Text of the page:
No FIRs; But, Direct Arrest for Playing Loud Music & Post 10 pm in Chandigarh


To check noise pollution in Chandigarh, UT Chandigarh police has now chosen to resort to stricter measures. Instead of FIRs, anyone found playing music beyond permissible time and decibels will now be arrested.

This is being done as per Punjab Police (PP) Act, 2007’s Section 61. It contains provision of six months’ imprisonment along with a fine of Rs 10,000. Earlier, only FIRs were registered against such violators under sections 3 and 4 of the Noise Pollution Act in Chandigarh.

It is reported that law department of Chandigarh administration has recently issued instructions to take take action against people, playing music in high volume and after the prescribed time, which is 10 pm, under Section 61 of the Punjab Police Act.

Since February 13, three persons have been arrested for flouting the rules.

Sharing the motive behind the move, SSP (UT) Nilambri Vijay Jagdale said, “The main reason behind adopting Section 61 of the Punjab Police Act is it is a smooth way to prosecute a man in a court of law. The procedures, followed under the Noise Pollution Act, were lengthy and contains less punishment against the violator. We have issued the Section 61 notification under the Punjab Police Act also. SHOs of all the police stations were also instructed to implicate this provision.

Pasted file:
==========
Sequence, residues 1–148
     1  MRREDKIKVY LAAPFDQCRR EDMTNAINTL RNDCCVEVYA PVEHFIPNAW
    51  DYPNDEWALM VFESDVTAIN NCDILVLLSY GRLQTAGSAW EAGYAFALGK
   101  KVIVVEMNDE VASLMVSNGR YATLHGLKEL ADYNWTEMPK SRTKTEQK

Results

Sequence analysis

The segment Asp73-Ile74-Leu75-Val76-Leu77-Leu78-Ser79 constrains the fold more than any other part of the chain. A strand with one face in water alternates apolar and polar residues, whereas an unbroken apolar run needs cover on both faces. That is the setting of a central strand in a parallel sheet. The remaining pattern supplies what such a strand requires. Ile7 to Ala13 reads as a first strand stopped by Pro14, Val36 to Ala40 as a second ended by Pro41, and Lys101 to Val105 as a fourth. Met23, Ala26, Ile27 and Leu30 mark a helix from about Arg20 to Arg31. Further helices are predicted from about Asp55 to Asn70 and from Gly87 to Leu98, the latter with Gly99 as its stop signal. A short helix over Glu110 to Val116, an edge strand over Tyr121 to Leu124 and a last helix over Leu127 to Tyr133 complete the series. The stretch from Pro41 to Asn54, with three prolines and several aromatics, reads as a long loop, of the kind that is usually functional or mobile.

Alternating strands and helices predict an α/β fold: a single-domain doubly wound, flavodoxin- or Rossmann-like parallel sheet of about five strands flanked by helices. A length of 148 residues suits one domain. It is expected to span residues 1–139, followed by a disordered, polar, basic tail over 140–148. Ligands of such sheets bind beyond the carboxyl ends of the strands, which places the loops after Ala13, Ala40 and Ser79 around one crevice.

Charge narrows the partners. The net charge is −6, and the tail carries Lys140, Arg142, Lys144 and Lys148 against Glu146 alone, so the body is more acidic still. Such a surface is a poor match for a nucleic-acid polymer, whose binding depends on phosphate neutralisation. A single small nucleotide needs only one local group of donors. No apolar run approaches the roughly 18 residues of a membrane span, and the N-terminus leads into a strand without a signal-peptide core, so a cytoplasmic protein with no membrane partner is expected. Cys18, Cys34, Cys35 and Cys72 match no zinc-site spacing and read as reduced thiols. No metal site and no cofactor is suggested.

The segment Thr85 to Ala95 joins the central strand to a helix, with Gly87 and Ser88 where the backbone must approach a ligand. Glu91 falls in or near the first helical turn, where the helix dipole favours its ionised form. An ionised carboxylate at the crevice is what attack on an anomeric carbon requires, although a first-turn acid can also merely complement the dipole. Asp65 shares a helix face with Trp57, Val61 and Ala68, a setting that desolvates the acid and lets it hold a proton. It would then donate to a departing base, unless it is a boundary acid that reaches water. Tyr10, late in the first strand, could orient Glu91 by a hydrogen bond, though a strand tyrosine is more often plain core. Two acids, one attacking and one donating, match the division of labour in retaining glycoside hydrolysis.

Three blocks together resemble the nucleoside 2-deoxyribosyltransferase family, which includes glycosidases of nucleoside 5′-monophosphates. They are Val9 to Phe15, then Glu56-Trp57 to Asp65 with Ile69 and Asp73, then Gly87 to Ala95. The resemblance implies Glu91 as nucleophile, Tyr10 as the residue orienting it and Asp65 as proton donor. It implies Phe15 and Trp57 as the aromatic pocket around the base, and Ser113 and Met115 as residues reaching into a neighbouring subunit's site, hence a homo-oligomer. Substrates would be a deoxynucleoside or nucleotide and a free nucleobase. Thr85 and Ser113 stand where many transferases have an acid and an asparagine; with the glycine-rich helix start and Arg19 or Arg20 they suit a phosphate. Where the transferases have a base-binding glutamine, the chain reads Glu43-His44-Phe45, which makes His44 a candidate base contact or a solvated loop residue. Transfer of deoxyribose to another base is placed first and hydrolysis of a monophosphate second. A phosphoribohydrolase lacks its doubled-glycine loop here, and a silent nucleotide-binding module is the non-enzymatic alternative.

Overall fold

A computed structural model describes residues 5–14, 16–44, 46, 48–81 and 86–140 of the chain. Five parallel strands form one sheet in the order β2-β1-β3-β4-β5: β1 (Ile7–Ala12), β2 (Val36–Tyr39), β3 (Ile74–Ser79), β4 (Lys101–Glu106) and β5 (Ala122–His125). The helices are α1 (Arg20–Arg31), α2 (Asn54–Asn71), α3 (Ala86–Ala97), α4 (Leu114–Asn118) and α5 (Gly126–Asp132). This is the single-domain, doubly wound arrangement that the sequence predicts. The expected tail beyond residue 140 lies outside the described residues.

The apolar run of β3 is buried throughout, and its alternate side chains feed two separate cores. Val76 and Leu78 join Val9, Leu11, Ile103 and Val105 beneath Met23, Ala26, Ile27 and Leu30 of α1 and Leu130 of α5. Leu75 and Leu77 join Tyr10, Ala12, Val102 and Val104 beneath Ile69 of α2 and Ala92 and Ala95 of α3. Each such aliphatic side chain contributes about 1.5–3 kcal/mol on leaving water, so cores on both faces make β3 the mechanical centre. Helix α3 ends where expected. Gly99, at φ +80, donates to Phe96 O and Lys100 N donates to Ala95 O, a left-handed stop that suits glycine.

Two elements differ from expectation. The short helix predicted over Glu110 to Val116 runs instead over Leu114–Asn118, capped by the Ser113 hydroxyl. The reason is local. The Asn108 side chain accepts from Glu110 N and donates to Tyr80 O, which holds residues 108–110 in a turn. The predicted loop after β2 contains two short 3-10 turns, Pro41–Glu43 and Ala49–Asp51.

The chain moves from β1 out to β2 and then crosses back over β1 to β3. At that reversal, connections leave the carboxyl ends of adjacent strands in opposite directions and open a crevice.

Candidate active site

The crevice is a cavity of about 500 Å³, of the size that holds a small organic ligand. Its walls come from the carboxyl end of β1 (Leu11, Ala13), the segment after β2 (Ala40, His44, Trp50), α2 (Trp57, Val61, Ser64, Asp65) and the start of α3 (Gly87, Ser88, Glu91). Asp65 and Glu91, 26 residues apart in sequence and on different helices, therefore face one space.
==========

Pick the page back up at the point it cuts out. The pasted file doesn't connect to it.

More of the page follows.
What does the Section 61 of the Punjab Police (PP) Act says

  • Provision of six months’ imprisonment along with a fine of Rs 10,000 for flouting Noise pollution limits.
  • The SSP of a district or any officer, not below the rank of Assistant Superintendent of Police or Deputy Superintendent of Police, may regulate the time and the volume, at which music and other sound systems are used in connection with any performance and other activities on or near streets or at any public place that can annoy residents of the neighbourhood.

What is the prescribed limit in Chandigarh?

In Chandigarh, people are allowed to play music from 5 am to 10 pm in the prescribed volume. There are specific occasions, including Republic Day, Independence Day, New Year’s Eve and religious events, when music is allowed to be played beyond the prescribed time.

Source: The Indian Express

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